Hidden Assets And The Divorce Process

11 February 2016
 Categories: Law, Blog


The "out spouse," or spouse that owns markedly less in way of assets and finances during the process of the divorce, is often left with the short end of the stick. To compound problems for him or her, the spouse with more in the ways of assets may have certain assets or property that they have hidden from the other party. There are, however, several legal ways in which you, as an out spouse, can force your spouse to reveal these hidden assets.

Finding Assets

Before taking any legal recourse, it is best to simply ask your spouse for a thorough documentation of all of his or her assets. Your spouse should give you documentation of all of his assets, including the mortgage, car deeds, or any other salient pieces of property. There is little to say whether your spouse is lying to you or not about how thorough or truthful these documents are, however. At this point, you may need to take legal recourse.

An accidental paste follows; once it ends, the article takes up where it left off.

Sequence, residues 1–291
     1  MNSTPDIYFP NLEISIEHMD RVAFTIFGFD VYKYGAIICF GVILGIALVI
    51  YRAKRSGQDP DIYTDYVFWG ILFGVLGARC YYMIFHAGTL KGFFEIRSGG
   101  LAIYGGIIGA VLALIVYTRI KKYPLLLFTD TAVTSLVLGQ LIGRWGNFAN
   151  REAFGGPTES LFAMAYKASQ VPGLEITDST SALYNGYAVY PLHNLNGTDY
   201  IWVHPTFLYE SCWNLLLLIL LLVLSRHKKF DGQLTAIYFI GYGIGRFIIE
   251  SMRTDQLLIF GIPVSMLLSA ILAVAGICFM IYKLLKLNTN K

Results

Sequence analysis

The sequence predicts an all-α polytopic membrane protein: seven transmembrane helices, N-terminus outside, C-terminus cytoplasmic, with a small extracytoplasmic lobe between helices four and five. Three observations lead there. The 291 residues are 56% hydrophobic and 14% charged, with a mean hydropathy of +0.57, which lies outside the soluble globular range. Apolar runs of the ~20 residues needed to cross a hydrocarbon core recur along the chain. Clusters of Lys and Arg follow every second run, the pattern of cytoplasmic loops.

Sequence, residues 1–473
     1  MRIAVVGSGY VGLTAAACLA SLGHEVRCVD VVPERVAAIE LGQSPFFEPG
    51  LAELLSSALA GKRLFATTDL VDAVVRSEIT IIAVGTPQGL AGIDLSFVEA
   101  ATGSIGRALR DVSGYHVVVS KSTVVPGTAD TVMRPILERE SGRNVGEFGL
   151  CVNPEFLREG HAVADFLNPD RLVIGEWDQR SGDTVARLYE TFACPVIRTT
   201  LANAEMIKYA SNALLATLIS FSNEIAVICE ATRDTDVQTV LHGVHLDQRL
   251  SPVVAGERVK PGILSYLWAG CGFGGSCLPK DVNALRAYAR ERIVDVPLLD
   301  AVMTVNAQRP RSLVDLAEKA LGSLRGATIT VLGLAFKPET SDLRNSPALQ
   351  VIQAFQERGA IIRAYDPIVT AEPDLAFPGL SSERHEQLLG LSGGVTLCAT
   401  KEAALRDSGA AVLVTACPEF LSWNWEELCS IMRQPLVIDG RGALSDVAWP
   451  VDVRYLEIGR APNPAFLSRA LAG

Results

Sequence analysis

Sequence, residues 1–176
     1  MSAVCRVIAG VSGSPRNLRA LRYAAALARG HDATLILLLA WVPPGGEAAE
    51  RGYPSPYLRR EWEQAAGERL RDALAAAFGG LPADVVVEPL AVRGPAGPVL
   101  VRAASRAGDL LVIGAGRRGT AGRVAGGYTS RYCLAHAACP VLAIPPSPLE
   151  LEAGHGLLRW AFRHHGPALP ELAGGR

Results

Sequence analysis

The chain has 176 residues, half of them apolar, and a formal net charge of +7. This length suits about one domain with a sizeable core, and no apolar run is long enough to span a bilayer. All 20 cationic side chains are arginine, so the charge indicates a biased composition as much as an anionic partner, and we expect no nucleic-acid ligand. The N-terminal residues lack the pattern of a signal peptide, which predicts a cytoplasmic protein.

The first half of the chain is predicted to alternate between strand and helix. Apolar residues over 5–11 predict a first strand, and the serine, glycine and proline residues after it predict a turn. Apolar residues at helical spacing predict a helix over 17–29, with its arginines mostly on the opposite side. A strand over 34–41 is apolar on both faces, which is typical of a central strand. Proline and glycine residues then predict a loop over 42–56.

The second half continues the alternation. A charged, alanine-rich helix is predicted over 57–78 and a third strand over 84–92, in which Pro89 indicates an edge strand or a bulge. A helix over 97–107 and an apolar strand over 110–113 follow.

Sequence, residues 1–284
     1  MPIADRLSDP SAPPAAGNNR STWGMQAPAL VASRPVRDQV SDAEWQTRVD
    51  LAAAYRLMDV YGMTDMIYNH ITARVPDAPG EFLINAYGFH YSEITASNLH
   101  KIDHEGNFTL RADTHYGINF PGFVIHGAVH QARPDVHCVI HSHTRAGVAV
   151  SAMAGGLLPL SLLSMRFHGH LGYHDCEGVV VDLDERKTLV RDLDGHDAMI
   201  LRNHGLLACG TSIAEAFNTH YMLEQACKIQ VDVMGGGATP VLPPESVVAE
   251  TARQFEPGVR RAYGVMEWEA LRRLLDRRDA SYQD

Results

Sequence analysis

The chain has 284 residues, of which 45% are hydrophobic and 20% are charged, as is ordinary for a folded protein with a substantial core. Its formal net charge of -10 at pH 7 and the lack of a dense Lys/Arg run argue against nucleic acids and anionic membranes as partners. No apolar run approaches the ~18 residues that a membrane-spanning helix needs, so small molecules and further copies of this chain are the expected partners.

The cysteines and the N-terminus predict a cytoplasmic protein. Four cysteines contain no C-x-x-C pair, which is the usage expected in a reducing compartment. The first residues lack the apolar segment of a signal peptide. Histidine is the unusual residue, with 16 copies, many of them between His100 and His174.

If you harbor any suspicions that your spouse is hiding assets or property from you, then you should contact your attorney so you can begin the discovery process. The process of discovery can be lengthy and drawn out, but it is necessary in order to accomplish your goal of discovering all of your spouse's assets. The rubric and rules of discovery vary from state to state, but there are some generalities that tend to apply to all states. Discovery usually begins with a formal request for all documents that pertain to your shared financial situation. Among the documents that fall under this request include account records, loan agreements, tax returns, and financial statements. The second portion of discovery includes requests for admission. A request for admission is a legally binding document in which your spouse must answer some very specific questions about your shared financial situation. As this document is legally binding, lying on the form can be considered lying under oath, and your spouse can be subject to some rather serious legal repercussions. Finally, your spouse must give an oral testimony, under which his or her answers must also be answered honestly, lest they find themselves subject to the aforementioned legal repercussions.

Discovering whether or not your spouse has any hidden assets from you can be a long and drawn out process. Hopefully, this brief article has given you some idea about what to expect from this situation.